Tips For Reluctant Writers and Ways to Make Handwriting FUN!


None of us will be engaged or able to produce if we don’t feel successful, so we all know that finding the just right challenge for our students is essential! By following a developmental sequence of writing expectations we can avoid many behavioral problems.

If a child is not able to write as others their age, then we support them by providing a level of expectation that they can achieve. When a reluctant writer is able to see progress, feel satisfied with their writing and drawing, and enjoy what they can create, then we have won the battle!

Part 1
Is this too difficult for this child right now?

Research finds that good fine motor skills in preschool is the top indicator of fluent written expression in elementary school. Developing overall body strength and stability as well and strength and endurance of hands is essential. Preschoolers learn to manipulate small objects into and out of their hands, they can learn to hold tools such as crayons, markers and scissors.  They learn to imitate actions by participating in song time.

4 years:

Starting with writing their names and then moving onto capitals to learn about the essentials of forming lines and curves, with starting at the top is the best way to begin learning to print conventional letter formations. With first efforts to write letters, lines are not needed but the support of an adult is!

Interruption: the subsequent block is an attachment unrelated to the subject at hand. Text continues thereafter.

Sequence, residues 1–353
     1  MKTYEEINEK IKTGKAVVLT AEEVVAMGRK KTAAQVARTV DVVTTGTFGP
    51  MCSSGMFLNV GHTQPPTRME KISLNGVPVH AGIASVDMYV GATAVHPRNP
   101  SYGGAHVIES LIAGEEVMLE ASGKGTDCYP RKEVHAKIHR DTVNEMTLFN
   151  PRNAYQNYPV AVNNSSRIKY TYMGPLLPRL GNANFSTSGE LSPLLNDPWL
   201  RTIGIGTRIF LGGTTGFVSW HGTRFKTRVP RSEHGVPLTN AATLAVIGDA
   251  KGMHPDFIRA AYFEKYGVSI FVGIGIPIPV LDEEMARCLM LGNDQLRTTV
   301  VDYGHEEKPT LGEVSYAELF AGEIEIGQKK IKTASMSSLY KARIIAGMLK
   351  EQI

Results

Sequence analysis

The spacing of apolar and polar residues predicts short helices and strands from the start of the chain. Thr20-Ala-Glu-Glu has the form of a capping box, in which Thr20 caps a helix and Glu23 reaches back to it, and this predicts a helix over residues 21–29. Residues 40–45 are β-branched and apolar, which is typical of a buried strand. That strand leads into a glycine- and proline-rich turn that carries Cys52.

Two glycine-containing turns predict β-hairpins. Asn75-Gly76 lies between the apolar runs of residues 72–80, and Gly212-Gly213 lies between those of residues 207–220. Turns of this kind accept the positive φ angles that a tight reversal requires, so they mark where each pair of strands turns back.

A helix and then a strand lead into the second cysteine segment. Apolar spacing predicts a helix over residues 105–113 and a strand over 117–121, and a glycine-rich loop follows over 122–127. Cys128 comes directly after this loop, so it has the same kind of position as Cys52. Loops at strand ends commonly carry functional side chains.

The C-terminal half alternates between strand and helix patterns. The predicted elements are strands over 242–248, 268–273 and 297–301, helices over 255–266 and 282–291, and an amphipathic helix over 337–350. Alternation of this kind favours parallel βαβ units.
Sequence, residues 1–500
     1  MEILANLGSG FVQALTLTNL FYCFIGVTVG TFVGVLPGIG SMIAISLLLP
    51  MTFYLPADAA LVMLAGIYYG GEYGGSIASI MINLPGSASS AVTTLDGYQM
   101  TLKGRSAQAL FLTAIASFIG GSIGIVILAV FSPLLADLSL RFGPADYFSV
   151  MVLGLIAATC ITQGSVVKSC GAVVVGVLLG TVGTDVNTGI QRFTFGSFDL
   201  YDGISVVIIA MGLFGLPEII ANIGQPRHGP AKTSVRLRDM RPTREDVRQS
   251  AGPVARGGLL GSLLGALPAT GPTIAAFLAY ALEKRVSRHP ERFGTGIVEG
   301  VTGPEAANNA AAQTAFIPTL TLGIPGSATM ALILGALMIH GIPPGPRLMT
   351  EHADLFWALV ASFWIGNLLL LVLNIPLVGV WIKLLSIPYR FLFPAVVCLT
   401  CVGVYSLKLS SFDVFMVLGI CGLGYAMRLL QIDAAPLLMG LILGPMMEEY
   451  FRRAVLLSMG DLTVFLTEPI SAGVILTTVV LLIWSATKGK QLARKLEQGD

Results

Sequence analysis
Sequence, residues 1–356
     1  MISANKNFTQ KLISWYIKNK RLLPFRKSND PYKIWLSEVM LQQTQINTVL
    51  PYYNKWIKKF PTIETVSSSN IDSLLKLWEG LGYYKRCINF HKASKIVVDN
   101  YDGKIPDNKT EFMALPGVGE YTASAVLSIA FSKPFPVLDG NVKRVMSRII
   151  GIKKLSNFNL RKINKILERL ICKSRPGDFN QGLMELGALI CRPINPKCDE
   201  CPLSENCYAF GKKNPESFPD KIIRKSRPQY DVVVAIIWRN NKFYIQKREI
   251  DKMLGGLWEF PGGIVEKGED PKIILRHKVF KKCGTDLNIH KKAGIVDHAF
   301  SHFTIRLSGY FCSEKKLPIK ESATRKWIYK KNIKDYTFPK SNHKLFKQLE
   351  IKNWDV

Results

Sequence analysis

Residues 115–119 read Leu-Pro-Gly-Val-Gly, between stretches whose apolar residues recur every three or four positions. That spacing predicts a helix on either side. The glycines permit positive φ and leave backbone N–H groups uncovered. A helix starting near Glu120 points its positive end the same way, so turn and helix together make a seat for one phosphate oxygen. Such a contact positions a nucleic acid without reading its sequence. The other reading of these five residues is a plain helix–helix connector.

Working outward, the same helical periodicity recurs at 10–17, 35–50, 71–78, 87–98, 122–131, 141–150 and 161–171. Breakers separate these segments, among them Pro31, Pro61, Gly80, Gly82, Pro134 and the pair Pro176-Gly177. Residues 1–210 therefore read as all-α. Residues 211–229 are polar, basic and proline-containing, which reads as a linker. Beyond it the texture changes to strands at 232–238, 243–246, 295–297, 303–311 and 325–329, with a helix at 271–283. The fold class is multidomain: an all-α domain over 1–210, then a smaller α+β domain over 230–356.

5 years:

When letter formations are repeated over and over, they are deeply imbedded into motor memory. Without high quality instruction, the mistakes a child repeats making their ‘a’ today may well be the way they form the letter when they are 20.

Use a high quality handwriting curriculum that incorporates research based best practices! Giving children dashed-lined, alphabetical order worksheets is outdated and unproductive for many children.

 One of the best ways to engage reluctant writers is to invite them to draw their ideas before writing. But if your student also has difficulty drawing, they may need extra supports for inspiration and representations. These I Can Draw products are super helpful and I end up using them every day!


6 years:

Once a child has a good understanding of the individual letters of the alphabet and is forming them in a consistent way, they can start to lay down visual memory of letters without needing to look at a model. This is essential for gaining automaticity of handwriting.

7 years:


By second grade children should be able to legibly write at least 16 lowercase letters of the alphabet within a minute. Without automaticity of handwriting any child / person of any age will get bogged down with the mechanics of making the letter and have no cognitive space left to compose. Seven year olds who have adequate automaticity skills can start learning about writing on notebook paper lines.


8 years:

Children who use conventional letter formations and have adequate automaticity may still need to be taught some of the subtleties of handwriting that make their written products look neat and mature. I have created Raise the Roof to help children learn about, for example, using correct use of space when writing on notebook paper or in open space. Raise the Roof will systematically help children increase the speed of legible automatic printing with the use of a periodic alphabet race activity and charting tool.